Home - Interpeace : Interpeace
Home - Interpeace : Interpeace
Home - Interpeace : Interpeace

Israel: Ultra-Orthodox women become catalysts for peace

July 16, 2013
Est. Reading: 2 minutes
Photo credit: B4D

Base for Discussion (B4D), Interpeace's peacebuilding initiative in Israel, engages a group that is often overlooked when it comes to issues of peace and conflict: ultra-orthodox women. Despite their influence on the political and spiritual leadership, no efforts have been made to enable female members of the traditional religious community to play an active role in the peace process in their country. A two-year Master's programme specifically tailored to ultra-orthodox women aims to change that.

A two-year Master's programme on conflict resolution

The first group of women is now about to graduate and has been exposed to a wide range of issues concerning the Israeli-Palestinian conflict. "The educational programme empowers women by providing a platform where they can play an active part in the peace process. At the same time, the women learn about different conflict resolution tools, study the scientific literature and familiarize themselves with the historical background of the conflict in the Middle East. Back in their own communities, they then share what they have learned and use the acquired knowledge in the development of nonviolent solutions," explains Noam Shuster, Communications Officer of B4D.

Understanding the different points of view

As part of the programme, a recent two-day tour took the women to the West Bank and the border areas with Syria and Lebanon. Some of the women had never visited areas populated by Palestinians before nor met with Palestinians directly. This entirely new experience and the exposure to members of the Palestinian community increased the understanding for each other's problems and led one of the participants to state that "the only way for our children to have a better future is by making sure our neighbors have the same conditions and equal opportunity for their children."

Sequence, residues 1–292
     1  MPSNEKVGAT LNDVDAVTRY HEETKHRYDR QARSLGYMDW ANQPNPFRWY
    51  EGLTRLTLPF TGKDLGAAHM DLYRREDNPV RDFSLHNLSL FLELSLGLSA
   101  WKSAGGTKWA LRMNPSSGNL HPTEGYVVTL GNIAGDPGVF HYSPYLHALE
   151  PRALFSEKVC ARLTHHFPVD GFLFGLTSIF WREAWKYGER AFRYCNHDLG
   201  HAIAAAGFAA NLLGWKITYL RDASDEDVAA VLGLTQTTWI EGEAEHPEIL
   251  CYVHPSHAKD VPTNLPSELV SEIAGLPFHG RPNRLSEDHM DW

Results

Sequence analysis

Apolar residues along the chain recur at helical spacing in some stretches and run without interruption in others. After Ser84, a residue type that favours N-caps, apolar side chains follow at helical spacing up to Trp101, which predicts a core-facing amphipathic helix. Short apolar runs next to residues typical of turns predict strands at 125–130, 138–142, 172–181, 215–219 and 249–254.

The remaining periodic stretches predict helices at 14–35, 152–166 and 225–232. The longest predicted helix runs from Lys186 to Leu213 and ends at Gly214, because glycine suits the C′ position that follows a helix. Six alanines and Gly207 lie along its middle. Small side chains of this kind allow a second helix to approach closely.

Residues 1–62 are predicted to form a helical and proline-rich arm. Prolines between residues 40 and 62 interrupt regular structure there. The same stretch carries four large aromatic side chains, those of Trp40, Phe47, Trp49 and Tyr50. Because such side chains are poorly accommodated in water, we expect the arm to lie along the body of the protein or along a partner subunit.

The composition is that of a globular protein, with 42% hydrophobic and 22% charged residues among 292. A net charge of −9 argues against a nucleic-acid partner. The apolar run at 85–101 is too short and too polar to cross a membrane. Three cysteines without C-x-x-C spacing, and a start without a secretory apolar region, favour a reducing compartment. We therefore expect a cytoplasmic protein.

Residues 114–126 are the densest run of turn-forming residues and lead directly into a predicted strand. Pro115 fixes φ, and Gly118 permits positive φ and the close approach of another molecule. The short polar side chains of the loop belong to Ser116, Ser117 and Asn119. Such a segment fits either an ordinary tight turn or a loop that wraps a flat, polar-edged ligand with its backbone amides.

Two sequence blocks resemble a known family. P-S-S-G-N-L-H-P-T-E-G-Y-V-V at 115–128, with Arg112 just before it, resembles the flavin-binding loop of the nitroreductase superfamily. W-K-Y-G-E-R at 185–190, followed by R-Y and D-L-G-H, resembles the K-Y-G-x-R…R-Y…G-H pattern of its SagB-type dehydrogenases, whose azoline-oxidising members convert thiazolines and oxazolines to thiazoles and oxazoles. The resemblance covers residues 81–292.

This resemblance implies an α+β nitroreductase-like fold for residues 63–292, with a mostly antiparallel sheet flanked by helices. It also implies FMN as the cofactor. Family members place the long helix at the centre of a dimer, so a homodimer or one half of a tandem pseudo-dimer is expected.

During the visit, the women also discussed the controversy surrounding the separation barrier that has been set up by Israel. The ultra-orthodox women were able to see the implications that the barrier has for daily life in these regions and this helped them to visualize the theoretical knowledge that they acquired during their classes.

Conflict resolution specialists

After two-years the women are now specialists in the area of conflict resolution especially with regards to the conflict in the Middle East. They do not shy away from meeting members of the Palestinian community and debating solutions with them. Some even plan to launch projects of their own and influence the peace process within their respective communities to make sure that their voices are no longer sidelined.

This initiative is part of "Partnerships for Peace", a joint project with the United Nations Development Programme (UNDP) supported by the European Union (EU).